Volunteer Stories

Reflections on my trip to Namibia
By Jovan Tomić

I woke up. Land could’ve finally be seen from the small cabin window. I was still struggling with grasping the thought of me being in Africa. The African soil, though, looked almost exactly as I would’ve imagined it. There were only so many short acacia trees, and a few low bushes here and there. A day-long trip was exhausting, and I was craving for some rest. When I landed, the circumstances made me feel as if I had just taken control over a different person. I was so pleased to see my uncle and to rekindle some old, long-distance friendships. We quickly started talking about anything and everything, but it was not long before tiredness kicked in.

The following couple of days mainly revolved around me familiarising myself with the picturesque town of Windhoek. I was getting to know what my job at P.A.Y. consisted of. The very first day (27th of March) wasn’t very demanding; I just had to get to know people, and to observe. ‘My job here is plain and simple. Cool.‘ I thought. Oh boy, was I wrong! On my insistence, I got the position of a mathematics instructor, and the grades that I was teaching were mainly grades seven to nine. I thought that it would be the best for both parties if I officially helped them only with mathematics, as it was the easiest way to obviate the language barrier. I also provided assistance with any other subject that I could realistically handle. As the time went by, I realised what the core problems were, and I was constantly looking for the most effective ways to overcome them. In my opinion, the main issues were the ‘gaps’ in knowledge that P.A.Y learners were facing. I believe that it was due to the inefficient public schooling, but I also think that the learners were not properly introduced to the concept of studying and its importance. From there on, my main goal was to try and fill as many of those ‘holesas possible. Some of the topics that I went over were: algebra, basic mathematical operations and functions, basic economics and so forth. By evaluating their knowledge at the end of my stay, I was pleased to see how some of the students made progress. I was also slightly disappointed that I couldn’t have an impact on all of them, but I still think that any progress meant that my stay there was meaningful. I must say that I was positively surprised to see how hospitable everyone at P.A.Y. was. Both children and the personnel accepted me as if I was one of their own. I also learned a lot from my work there. It helped me perceive the problems communities such as this one were facing, and it made me appreciate my opportunities even more. I’ve made a lot of friends of all ages, and I’m keeping in touch with some of them to this day.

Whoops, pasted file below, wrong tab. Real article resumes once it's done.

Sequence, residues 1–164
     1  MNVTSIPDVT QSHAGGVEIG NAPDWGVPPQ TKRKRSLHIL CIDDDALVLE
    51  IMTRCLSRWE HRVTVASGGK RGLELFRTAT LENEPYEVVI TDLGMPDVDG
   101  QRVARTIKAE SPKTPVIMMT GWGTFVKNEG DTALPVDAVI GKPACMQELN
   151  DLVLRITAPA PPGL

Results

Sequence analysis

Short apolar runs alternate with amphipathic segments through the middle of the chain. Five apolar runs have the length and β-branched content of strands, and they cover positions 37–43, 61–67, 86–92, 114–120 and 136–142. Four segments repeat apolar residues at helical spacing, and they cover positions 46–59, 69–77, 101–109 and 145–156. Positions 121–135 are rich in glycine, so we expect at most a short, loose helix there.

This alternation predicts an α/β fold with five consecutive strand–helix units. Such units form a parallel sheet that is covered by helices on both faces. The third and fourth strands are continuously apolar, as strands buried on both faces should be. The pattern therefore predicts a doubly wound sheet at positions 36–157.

Apart from volunteering, I was also engaged in various pastimes. The first weekend (31st March – 1st April) consisted of going to the coast. We were staying in a hotel in Swakopmund. Swakopmund is a phenomenal place. I’m not sure why, but the streets of ‘Swakop’ (as it is informally known) looked like a lite version of Ocean Drive to me. It probably has something to do with numerous palm trees, which I’m a big fan of. However, I wasn’t very fond of the Swakop’s microclimate. It was cold and the sunlight was scarce. There’s a popular phrase that I’ve encountered there; ‘The place where the desert meets the ocean’. It sounds good, doesn’t it? Well, the sight is even more spectacular. The only thing separating the old Namib desert from the epic Atlantic ocean is a narrow road. One particular activity that I often times think about is the quad bike riding on the sand dunes. The adrenaline-filled, hour-long ride really does put things into perspective. One wrong turn and you might find yourself lost for good. It also helps you contemplate the desert. Walking beside the ocean also stimulated many deep thoughts. Powerful waves were crashing into the coast and the intense scent of the sea salt could be felt. Although both of these might have seemed ordinary, they were new to me, and that made them even more attractive. Unfortunately, we weren’t able to get to the famous Skeletal Coast, which is said to be quite a sight with all the bones lying around. I also would’ve enjoyed visiting Lüderitz, but there was just not enough time.

The next weekend (7th March – 9th March) was, arguably, even more contentful. Our destination was the well-known national park, Etosha. Luck wasn’t on our side this time around as it was raining, and that meant that most of the waterholes rendered useless. We hoped to come across some of the more famous game, but it just wasn’t meant to be. We did see a lot of different species of antelopes, as well as a few hyenas and ostriches, and very many zebras. Before we arrived to Etosha, we had also paid a visit to a crocodile ranch, and that stop was just as exciting. We’ve seen a number of crocodiles in there, and one can even interact with a baby crocodile!

As far as Windhoek is concerned, I’m still impressed. This town is like a dream location. It’s small enough for everything to be nearby, and big enough to include everything one would ask for. It’s culturally rich enough, and it contains both western (I would dare to say colonial) and domestic vibes. I’ve also found my roaming around Katutura to be valuable, as it’s made me understand how it feels to be racially unequal. The food tastes great, both in Katutura and in the city. There are plenty of locations where one could enjoy themselves. I’ve also acquired an invaluable experience in one of the private schools I’ve ventured into.

To conclude, I don’t think that words can truly describe what I’ve experienced while being in Namibia. I’m extremely grateful to have been able to visit this magnificent country, and I’m sure that I’ll be back sometime soon. I’ve met plenty of people, and I’ve acquired experience that is unique, to say the least. I’d recommend visiting Namibia to everyone.